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Following Fuzzy Zoeller

Golf's funny man to be fan favorite
at Senior PGA Championship at Valhalla

By Don Ward
Editor

(May 2004) – When you say “The Fuz” around Louisville or Southern Indiana, locals here know it has nothing to do with police.
“The Fuz” is, of course, Fuzzy Zoeller, their beloved hometown touring pro who first made a name for himself 25 years ago by winning the PGA Tour’s Masters golf championship in his first try. No first-time player has won that tournament since, further adding to the magic of that golfing feat.

Fuzzy Zoeller-2003

Photo courtesy PGA of America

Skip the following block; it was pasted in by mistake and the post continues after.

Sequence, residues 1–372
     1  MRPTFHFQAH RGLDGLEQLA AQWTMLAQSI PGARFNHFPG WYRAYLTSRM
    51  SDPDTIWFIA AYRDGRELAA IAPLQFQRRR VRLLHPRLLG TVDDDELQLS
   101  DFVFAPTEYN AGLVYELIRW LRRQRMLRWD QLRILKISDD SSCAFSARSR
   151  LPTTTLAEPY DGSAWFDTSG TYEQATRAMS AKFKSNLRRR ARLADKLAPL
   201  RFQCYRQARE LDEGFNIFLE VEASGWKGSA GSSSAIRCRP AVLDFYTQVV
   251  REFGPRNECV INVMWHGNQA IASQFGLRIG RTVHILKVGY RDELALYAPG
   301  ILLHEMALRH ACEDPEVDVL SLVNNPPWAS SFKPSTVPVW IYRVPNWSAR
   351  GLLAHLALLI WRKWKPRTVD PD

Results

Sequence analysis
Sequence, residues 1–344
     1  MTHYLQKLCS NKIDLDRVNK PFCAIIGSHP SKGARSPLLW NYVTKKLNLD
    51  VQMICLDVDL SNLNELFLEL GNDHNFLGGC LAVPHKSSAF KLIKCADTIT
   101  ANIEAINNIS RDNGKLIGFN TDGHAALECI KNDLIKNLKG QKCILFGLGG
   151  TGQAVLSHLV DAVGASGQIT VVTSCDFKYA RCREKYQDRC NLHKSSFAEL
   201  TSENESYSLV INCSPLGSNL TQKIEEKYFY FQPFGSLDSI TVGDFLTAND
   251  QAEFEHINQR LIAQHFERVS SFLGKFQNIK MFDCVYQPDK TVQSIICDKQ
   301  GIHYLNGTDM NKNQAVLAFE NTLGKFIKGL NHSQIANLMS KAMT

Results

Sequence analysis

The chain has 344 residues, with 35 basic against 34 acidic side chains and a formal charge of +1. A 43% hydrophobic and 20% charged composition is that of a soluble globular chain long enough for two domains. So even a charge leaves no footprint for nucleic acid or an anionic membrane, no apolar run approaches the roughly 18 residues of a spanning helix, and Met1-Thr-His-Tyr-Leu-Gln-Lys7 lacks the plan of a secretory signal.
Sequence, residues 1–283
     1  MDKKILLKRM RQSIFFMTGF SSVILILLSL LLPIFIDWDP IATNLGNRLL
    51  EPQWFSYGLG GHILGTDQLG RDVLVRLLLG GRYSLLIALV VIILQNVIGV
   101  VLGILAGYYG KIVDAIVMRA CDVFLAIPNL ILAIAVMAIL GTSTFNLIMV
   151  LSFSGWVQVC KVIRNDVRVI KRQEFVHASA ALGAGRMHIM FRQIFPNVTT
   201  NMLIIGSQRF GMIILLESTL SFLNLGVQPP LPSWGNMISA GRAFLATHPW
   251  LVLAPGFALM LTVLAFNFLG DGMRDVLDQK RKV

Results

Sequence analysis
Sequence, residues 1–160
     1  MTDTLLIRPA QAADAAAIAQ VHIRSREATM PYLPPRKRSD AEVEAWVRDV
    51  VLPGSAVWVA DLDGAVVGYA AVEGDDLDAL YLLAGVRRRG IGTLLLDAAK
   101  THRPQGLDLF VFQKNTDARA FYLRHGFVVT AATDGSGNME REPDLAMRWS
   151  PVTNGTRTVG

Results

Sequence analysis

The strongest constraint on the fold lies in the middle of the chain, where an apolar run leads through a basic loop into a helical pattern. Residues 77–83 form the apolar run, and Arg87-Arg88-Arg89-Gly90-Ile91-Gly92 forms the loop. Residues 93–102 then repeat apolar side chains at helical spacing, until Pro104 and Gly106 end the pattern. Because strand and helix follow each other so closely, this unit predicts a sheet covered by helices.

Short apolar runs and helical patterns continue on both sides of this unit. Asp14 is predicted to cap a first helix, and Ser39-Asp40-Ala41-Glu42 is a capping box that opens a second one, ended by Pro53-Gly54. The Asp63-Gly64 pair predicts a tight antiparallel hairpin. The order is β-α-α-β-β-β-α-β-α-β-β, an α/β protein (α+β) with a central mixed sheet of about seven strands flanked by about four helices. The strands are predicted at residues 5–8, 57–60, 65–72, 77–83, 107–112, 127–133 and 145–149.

Fuzzy Zoeller pitches out of the sand during
the 2003 Senior PGA Championship.

In all, Zoeller captured 10 total PGA Tour events through 1986. He has made three U.S. Ryder Cup appearances and shares the tour record for most consecutive birdies, at eight.
As a former Masters winner and now in his third year on the Champions Tour (formerly the Senior Tour) for players 50 and older, Zoeller revisited golf’s hallowed grounds at Augusta National in April but played poorly, missing the cut by 12 strokes.
But don’t think for a minute the 52-year-old golfer from Floyds Knobs, Ind., is washed up by any means. On the contrary, he was just having a bad week “in this crazy old game,” as he calls it. In fact, Zoeller is coming off a strong start in 2004, having won the Champions Tour opening event, the MasterCard Championship in January in Hawaii and following with a third-place finish in February’s Outback Steakhouse Pro-Am in Tampa, Fla.